Tuesday, 25 June 2013

Mouth-watering food for rainy days


Bangus belly sinigang

When rain is coming from all directions outside, stay indoors if you can and keep yourself from feeling dreary. You could do a movie marathon or maybe catch up on some reading. But you know what we think is the best thing that this crazy weather brings? It provides the perfect backdrop for enjoying hot soup! We’ve rounded up our five top stews that are perfect to pair with plain steamed rice on cold rainy days. Which one’s your favorite?
Bangus belly sinigang (Stewed milkfish in tamarind)
The perfect sinigang stew is the one that uses sampaloc (tamarind) juice as the souring ingredient. Aside from the soup actually tasting sourer, there are nutrients that sampaloc contributes to the dish that other artificial souring ingredients don’t have. The process of extracting sampaloc juice, however, is a long one: boil the sampaloc for about 20 minutes until the skins burst, mash the sampaloc in a bowl (with half of the cooking liquid), strain the juice into another bowl and mash again to force out all the juice. And voila, you have the souring ingredient for your Sinigang na bangus!
Tinola (Chicken ginger stew)
An old-time Pinoy favorite, Tinola even earned a mention in Dr. Jose Rizal’s Noli Me Tangere in its first few chapters. If you want your own bowl of this hot stew, all you have to do is saut√© chicken in onions, garlic, and ginger. Add water (just enough to cover) and season with patis (fish sauce) and pepper. Simmer everything for about 20 minutes. Toss in cubes of green papaya and simmer some more until the papaya is cooked through. Ten seconds before you turn off the heat, toss in your greens: spinach or malunggay. Best to serve this dish when it’s hot.



Beef nilaga

Beef nilaga (Beef stew with clear broth)
Some put saba (plantain banana) in their version of beef nilaga. Others toss in chunks of corn on the cob. And others insist that their Nilagang baka have bits of bone marrow floating in the soup. But the bottom line is always the same: beef nilaga, however it is prepared, is a hearty beef stew with melt-in-your-mouth cubes of beef, crunchy vegetables that are just cooked through, and a rich, flavorful beef broth that always hits the spot. As if this isn’t enough of a punch, squeeze some calamansi (plus a few drops of patis or fish sauce) over everything and you’ve got yourself a beefy blockbuster that’s as good eaten by itself or with a plate of hot white rice.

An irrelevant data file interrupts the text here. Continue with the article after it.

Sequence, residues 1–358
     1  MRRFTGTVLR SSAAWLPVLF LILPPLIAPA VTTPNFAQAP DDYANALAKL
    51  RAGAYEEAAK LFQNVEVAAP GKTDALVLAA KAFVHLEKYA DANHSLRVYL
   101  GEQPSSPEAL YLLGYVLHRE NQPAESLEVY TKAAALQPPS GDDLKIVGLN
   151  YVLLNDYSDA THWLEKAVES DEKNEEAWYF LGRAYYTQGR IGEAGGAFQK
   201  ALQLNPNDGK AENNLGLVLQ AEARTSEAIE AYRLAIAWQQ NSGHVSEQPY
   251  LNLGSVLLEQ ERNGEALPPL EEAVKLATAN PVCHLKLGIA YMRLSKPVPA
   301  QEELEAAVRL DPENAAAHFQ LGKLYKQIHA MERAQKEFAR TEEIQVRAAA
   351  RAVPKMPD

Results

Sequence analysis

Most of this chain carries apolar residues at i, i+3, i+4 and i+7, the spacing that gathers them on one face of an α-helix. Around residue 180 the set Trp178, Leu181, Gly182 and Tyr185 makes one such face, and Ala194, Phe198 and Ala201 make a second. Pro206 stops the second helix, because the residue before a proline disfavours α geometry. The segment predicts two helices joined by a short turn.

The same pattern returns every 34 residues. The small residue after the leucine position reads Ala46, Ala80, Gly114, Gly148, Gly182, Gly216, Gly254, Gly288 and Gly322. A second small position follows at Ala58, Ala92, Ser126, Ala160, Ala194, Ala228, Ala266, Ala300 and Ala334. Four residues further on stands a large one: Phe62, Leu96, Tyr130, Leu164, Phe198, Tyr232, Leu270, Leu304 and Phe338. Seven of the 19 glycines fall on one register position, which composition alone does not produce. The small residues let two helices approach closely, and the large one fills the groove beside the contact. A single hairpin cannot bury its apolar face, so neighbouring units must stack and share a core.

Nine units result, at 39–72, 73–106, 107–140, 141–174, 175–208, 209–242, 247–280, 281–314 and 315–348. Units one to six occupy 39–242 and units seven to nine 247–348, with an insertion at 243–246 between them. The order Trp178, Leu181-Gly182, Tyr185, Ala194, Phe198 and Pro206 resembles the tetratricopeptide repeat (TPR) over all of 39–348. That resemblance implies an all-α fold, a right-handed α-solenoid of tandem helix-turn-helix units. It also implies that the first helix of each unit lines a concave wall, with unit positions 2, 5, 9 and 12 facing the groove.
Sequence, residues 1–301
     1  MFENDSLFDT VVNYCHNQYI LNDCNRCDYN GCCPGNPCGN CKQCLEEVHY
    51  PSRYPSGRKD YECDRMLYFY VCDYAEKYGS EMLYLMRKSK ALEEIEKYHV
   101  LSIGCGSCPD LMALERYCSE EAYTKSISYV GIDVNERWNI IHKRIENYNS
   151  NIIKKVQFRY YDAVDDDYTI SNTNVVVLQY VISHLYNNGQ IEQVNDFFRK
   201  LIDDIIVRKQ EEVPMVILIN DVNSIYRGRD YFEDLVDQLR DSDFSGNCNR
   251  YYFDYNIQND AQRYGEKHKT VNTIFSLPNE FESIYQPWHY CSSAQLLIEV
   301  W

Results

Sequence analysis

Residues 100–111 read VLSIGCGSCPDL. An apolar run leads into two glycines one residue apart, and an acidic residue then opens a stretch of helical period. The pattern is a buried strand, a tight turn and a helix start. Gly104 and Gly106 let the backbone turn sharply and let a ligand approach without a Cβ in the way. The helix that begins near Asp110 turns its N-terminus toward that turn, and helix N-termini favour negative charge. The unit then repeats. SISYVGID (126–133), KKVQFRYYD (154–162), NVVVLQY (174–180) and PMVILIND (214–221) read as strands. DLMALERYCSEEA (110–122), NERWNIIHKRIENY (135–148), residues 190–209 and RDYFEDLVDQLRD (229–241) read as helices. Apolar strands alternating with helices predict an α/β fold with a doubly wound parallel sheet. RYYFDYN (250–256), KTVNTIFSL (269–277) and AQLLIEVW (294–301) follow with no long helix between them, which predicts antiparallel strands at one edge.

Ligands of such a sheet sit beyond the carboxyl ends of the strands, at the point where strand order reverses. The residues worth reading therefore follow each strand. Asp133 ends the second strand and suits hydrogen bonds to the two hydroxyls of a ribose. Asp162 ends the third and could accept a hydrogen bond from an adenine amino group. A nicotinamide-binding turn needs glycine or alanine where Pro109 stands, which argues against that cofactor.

[Also check out a chef’s tips on how to cook the perfect Beef nilaga.]
Caldereta (Spicy beef stew)Originally featuring goat meat, this tomato sauce-based spicy stew eventually moved on to the more conventional beef. Adding to the exotic appeal of this Spanish-inspired dish, the first Caldereta dishes also had chunks of goat liver. Bell peppers, olives, peas, tomatoes, onions, and garlic round up Caldereta’s ingredients. To seal in all these complementary flavors, grate cheese over everything right before serving. 



Pochero (Meat and vegetable stew)
Because this stew couldn’t seem to make up its mind which ingredient to showcase, it put in all three: chicken, beef, and pork. Of course, along with a strong supporting cast of potatoes, tomatoes, pechay (bok choy), saba, cabbage, green beans, and the usual garlic and onion. This is perfect for those who prefer to sip a steaming bowl of stew that’s both salty and sweet (the saba takes care of the sweet part, in this case). Fun fact: In Cebu, pochero goes by another name, which, coincidentally, refers to another favorite Pinoy stew—bulalo.

No comments:

Post a Comment